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Sometimes I feel the need to add “words of wisdom” to make something ordinary seem profound.

Today, I feel the need to let this speak for itself.

Please take 2 minutes to see Autism through the eyes of one who deals with it daily.

Finding Your Way to Paradise Falls Without the Balloons!

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paradise-falls

Here I sit.

Wondering… dreaming.

An adventurous spirit caged in the frame of someone more than twice my age.  My Ellie still lives, but the end result feels much the same.  This dream that has been long sought after, I’m afraid, is waning away.

Each year- as physical limitations make their presence more painfully known- the likelihood of taking my wife by my side and reaching that Colorado mountaintop to finally live the dream of homesteading in a very real and tangible way seems less and less achievable.  We are getting too old and our bodies too worn down- unable to bear the physical load required to create a life in such a remote place.

More likely than not, it seems as though these dreams will wind up as a box containing a deed, house plans, and detailed diagrams of things once discussed with hopeful anticipation.  I fear this box will sit on a shelf somewhere, collecting dust, until a painful day, many years down the road, when this box is opened- only to reveal things that could have been.

Or will it?

The dream was to live a unique and remote lifestyle that would showcase the beauty of hard work, of relying more on what you can do (or learn to do) and less on what others do for you, and of a holistic lifestyle devoted to caring for those people and things around you while learning to enjoy the simplicity of making a life without forsaking “life” in order to earn a living.

Of course, having acreage on the top of a mountain in Colorado provides a pretty great view while all of this is going on!

That said, I’ve come to a realization.

Where we are is determined, not by where our feet are, but by where our eyes are.

Let me explain!

You see, while our feet are only a few hours from the Eastern coast of the U.S.A., it was only recently that our eyes were located elsewhere.  Still confusing?  I’ll clarify.

While are eyes are focused on our feet, we will not move beyond our current situation to realize our dreams.  It is not until our focus shifts that we begin to see where we truly are and where our path is leading.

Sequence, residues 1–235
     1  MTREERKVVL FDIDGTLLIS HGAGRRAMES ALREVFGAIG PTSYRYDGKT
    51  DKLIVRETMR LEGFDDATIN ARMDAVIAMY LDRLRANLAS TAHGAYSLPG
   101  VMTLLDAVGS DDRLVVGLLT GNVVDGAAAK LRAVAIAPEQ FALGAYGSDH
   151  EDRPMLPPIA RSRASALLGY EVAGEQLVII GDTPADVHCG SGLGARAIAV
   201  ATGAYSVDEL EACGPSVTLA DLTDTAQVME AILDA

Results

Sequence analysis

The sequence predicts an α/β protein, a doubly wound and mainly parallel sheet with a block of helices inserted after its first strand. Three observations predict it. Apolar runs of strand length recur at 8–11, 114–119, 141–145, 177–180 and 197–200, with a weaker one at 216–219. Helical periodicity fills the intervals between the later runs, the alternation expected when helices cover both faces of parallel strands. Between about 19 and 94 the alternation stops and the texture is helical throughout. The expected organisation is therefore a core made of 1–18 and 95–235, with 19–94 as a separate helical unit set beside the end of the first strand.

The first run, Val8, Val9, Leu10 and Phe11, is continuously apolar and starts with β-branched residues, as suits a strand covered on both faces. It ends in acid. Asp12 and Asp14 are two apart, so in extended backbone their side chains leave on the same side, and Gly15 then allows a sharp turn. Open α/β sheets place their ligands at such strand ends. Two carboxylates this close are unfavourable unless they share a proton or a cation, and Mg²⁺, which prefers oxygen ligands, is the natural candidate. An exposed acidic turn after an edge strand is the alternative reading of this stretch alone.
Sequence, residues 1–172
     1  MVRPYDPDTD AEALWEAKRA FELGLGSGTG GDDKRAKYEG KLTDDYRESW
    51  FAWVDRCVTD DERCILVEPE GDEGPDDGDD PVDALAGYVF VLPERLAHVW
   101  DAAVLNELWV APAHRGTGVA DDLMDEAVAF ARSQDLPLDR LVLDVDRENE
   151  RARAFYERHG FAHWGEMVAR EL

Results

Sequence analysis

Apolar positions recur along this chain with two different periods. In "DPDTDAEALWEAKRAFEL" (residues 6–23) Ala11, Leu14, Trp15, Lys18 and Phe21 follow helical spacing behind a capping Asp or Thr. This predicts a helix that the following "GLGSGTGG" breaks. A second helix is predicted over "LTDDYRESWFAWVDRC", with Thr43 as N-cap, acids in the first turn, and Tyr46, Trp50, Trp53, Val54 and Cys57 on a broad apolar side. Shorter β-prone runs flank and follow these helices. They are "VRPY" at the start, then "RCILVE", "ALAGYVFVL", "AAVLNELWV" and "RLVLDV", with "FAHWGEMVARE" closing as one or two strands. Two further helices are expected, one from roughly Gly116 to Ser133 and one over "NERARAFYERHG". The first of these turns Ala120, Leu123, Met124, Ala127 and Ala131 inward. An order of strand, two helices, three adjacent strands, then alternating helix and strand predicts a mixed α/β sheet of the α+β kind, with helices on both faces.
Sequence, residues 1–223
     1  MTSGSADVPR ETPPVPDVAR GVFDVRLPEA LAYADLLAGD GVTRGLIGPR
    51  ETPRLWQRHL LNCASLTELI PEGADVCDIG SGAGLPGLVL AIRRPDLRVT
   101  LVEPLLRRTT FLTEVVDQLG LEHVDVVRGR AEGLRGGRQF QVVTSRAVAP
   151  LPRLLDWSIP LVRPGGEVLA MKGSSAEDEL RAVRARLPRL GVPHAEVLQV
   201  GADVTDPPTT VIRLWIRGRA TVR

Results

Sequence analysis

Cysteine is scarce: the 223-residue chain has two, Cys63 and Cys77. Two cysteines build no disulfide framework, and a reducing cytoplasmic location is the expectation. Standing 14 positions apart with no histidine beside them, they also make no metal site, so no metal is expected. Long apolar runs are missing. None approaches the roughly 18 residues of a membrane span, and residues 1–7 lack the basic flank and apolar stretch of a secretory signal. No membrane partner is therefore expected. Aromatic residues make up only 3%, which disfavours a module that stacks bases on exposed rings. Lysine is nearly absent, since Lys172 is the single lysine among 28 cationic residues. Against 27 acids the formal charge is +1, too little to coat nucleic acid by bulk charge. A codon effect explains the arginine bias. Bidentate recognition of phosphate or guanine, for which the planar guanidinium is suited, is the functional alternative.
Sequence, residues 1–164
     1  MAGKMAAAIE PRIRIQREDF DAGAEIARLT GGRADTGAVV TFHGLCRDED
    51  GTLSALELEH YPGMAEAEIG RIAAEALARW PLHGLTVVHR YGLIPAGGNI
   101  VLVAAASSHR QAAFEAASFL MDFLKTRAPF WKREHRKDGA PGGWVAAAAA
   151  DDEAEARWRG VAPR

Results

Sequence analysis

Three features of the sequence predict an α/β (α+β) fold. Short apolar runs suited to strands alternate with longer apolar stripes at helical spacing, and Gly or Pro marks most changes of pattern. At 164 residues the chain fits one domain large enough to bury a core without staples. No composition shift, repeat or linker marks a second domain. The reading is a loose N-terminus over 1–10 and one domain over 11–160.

If I focus on my feet, I am located in Central Georgia, USA.  I am many hours away from this place in our dreams.  I do not have the resources necessary to make this dream a reality.  I don’t even have a wilderness adventurer knocking at my door looking for a badge in helping others.  In the movie “UP”, Carl at least had balloons to help float his house across the Americas to wind up where he ultimately wanted to be.  I HAVE ZERO BALLOONS!

But what I do have is this:

While I am located hours away from a physical location, I realized that I am already living this dream today.  How so?

  • We are involved in planting a church for families with special needs.  Our lifestyle doesn’t get much more remote than that and hard work is definitely required!
  • I am living in a house full of windows (natural light is a key component in our Colorado plans).
  • I just finished planting 9 of 10 raised bed gardens at our home (also key in Colorado plans).
  • This home is equipped with a chicken coop and goat shed (you guessed it- Colorado plans).
  • This home also has multiple fruit trees, space for the kids to play, and clean air (again, check).
  • While we could still remove ourselves from more technology, a simple life doesn’t have to mean a life devoid of electronics.  Simplicity is a choice. (doing good so far)

It seems to me that the key to finding my Paradise Falls without having to have all of those pesky balloons boils down to one word:

contentment

I wonder how many of us are closer to realizing our dreams than we think?

I wonder if Paradise Falls is more about a journey than a destination?

I wonder where you are?

Do you even know?

If you feel like your dreams are a bit beyond your reach, keep digging- but not just where your feet are.  Sometimes taking a moment to shift our focus is all that we need to see that we don’t have far to go.

And sometimes… sometimes we’ll find that we’ve been there all along.

UP-Thanks-for-the-Adventure

Inquiring Minds Want To Know…

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Inquring Minds Want to Know…

  • Why a green light on a progress report no longer means things are going well?
  • Why it is okay to teach kids to answer instead of teaching them to analyze?